An unexpected career move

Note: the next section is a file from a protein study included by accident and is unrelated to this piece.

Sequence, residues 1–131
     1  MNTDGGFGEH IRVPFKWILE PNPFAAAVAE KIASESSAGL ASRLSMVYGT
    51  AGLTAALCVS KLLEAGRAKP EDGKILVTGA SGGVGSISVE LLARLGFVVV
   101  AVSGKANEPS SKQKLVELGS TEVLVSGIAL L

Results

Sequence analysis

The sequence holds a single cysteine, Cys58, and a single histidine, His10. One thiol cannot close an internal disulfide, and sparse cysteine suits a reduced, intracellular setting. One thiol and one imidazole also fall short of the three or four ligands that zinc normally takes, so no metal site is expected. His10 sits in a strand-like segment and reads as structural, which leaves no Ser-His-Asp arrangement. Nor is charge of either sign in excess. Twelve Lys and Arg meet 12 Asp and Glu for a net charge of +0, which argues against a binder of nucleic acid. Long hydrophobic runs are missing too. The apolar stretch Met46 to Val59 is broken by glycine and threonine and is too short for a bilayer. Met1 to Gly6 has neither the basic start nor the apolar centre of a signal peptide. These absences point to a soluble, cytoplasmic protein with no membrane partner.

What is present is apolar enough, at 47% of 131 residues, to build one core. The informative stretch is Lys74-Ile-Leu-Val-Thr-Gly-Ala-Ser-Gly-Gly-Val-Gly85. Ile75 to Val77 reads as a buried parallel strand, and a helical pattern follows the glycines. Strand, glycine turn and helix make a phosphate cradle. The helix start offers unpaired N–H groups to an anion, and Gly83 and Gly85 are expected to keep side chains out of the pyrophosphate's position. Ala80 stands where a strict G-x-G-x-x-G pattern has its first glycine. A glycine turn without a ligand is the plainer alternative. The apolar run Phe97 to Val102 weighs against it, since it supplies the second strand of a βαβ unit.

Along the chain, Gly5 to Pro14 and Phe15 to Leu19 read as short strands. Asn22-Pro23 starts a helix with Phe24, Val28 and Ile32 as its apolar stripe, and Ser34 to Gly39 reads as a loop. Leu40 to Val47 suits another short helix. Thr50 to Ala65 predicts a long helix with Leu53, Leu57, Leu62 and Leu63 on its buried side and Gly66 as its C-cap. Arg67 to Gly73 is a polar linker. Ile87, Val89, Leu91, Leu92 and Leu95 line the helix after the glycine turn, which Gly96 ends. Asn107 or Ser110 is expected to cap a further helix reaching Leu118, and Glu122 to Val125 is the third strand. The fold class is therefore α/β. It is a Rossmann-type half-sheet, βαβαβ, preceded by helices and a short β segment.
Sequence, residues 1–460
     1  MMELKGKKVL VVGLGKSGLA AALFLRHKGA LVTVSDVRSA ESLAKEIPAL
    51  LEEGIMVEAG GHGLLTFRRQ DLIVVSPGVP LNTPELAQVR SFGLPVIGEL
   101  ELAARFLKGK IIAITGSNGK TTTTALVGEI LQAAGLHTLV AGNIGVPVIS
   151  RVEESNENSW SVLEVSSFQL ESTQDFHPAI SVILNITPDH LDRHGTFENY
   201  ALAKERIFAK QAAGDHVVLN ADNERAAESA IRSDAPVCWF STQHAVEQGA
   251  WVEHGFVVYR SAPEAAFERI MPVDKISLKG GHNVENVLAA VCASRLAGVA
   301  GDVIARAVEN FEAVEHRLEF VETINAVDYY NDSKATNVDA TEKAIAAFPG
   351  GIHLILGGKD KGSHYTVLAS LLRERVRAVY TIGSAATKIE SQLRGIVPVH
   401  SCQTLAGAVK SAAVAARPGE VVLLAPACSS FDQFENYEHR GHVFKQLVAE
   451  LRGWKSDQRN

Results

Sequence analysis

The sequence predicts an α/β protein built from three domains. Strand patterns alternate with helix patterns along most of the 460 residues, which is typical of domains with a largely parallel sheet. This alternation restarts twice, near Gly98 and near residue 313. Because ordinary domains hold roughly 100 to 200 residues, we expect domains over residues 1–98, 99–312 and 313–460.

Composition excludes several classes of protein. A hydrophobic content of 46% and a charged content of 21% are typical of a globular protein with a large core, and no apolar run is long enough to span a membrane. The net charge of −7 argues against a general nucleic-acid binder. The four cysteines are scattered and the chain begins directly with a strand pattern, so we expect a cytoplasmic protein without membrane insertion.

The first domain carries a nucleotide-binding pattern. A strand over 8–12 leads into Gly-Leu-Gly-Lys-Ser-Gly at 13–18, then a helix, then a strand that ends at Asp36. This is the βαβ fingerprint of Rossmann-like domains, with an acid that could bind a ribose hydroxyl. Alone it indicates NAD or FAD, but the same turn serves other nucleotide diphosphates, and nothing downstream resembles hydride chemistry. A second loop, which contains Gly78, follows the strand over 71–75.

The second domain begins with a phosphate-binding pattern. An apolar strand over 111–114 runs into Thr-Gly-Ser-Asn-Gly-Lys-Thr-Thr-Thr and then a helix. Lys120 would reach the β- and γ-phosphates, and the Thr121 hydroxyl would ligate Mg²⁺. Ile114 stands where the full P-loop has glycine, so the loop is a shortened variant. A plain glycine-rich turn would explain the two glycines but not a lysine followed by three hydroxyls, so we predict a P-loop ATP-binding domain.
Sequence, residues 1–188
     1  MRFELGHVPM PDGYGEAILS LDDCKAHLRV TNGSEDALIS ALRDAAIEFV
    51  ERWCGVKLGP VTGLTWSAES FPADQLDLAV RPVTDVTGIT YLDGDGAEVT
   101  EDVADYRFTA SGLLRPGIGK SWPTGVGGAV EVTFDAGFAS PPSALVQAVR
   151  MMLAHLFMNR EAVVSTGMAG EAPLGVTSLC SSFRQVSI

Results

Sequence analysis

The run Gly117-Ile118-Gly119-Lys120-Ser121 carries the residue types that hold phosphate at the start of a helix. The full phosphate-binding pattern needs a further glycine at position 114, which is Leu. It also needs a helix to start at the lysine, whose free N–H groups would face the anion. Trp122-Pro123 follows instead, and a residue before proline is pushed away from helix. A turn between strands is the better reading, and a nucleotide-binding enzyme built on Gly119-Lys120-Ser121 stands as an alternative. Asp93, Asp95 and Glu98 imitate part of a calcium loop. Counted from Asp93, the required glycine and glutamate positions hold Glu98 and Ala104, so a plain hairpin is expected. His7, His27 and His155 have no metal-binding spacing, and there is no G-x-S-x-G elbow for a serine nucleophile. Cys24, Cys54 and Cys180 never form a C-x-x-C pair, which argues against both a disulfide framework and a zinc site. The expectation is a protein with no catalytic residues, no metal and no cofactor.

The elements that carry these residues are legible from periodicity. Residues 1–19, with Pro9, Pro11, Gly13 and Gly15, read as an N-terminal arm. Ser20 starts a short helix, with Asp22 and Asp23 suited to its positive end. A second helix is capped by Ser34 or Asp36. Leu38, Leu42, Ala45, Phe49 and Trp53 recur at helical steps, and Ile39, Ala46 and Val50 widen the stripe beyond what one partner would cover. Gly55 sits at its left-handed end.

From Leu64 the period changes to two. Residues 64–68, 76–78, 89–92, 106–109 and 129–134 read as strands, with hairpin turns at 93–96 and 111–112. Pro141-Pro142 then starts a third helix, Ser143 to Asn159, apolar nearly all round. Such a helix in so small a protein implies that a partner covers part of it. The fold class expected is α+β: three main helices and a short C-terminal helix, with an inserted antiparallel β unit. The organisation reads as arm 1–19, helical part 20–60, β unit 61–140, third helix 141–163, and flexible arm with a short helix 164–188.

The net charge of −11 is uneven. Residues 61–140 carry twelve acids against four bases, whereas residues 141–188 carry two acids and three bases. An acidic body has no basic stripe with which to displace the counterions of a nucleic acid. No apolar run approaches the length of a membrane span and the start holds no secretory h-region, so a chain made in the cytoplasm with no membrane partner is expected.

first_imgJoie Gelband wasn’t supposed to have a career as a union organizer. In 1985, the recent college graduate “tagged along” with friends to Boston and took a job at the Harvard Divinity School as a placeholder until graduate school.“My only goal at that point was to become a famous feminist theologian,” she said with a knowing smile. “That was my lofty ambition.” So when a co-worker approached her and invited her to a meeting about forming a union, Gelband passed.“I said — and I’m embarrassed to admit this — ‘I’m above that,’ ” she recalled. “I just hadn’t thought of the world of workers beyond my friends and I trying to get our first jobs.”That attitude didn’t last long. Her colleague persisted, and within a year of begrudgingly attending her first meeting, Gelband had quit her job to work on union activities full time.“I got very interested in the basic philosophy of this organizing drive,” she said. The nascent Harvard Union of Clerical and Technical Workers (HUCTW), which finally formed after a worker vote in 1988, wasn’t just demanding more overtime pay or better hours, she said. “We were organizing around [the idea of] workers having a voice, and being in the room when decisions are made.”That mission has guided Gelband’s work over the past quarter-century. She may not be a world-renowned feminist scholar, but she has certainly changed women’s (and men’s) lives as an HUCTW organizer.After nearly two decades working as an organizer under the auspices of the union’s national affiliate, the American Federation of State, County, and Municipal Employees (AFSCME), Gelband came back on board as a Harvard employee in 2004.She now co-manages HUCTW’s Work Security Program, a partnership between the University and the union that helps to place laid-off workers in new positions around Harvard. Gelband trains case managers to work with the newly unemployed, coordinates with human resources and hiring managers, and serves as an advocate.“Harvard is an enormous and dynamic institution, and changes are going to happen all the time,” she said. Union jobs are especially susceptible to turnover. As grants expire, and as departments in the University expand and contract, support positions are frequently created, phased out, and reshuffled.“It saves the University to hire an experienced insider, and it’s the right thing to do for someone who’s facing job loss,” Gelband said.Gelband’s dedication to the program hasn’t gone unnoticed by the workers she has helped. Laverne Martinez became one of those people in July 2009, when Gelband helped her to land a job at the Office of Sponsored Programs. Gelband would call Martinez before and after every interview. She helped Martinez keep track of her many applications to provide necessary evidence of her job search to the union board. Gelband made calls on her behalf and set up informational interviews for practice.“Every single job that I’ve applied for, she has really been there, to the point where we would communicate every single day,” Martinez said. “She puts her heart into doing it.”Gelband also runs HUCTW’s School-to-Work Program, which places students from Cambridge Rindge & Latin School in paid internships around Harvard. Gelband trains HUCTW members to be intern supervisors and teaches a weekly seminar for the students to learn about workplace skills, labor issues, and collective action.She brings the union home, too. She and her husband, David Cort, a library assistant at Widener Library, met while working on the union campaign. Both work part-time to allow them to co-parent their two children, ages 15 and 7.“One of us is always available to do kid-related or dog-related things,” she said — like being the “resident union lady” at her daughter’s school. Every year Gelband teaches second-graders classic picket songs, including a few HUCTW originals. They’re the same tunes Gelband has been crooning since the mid-1980s, only in a classroom instead of at a rally: “Unions, unions, unions, u-u-u-unions! Unions are a woman’s best friend!”last_img read more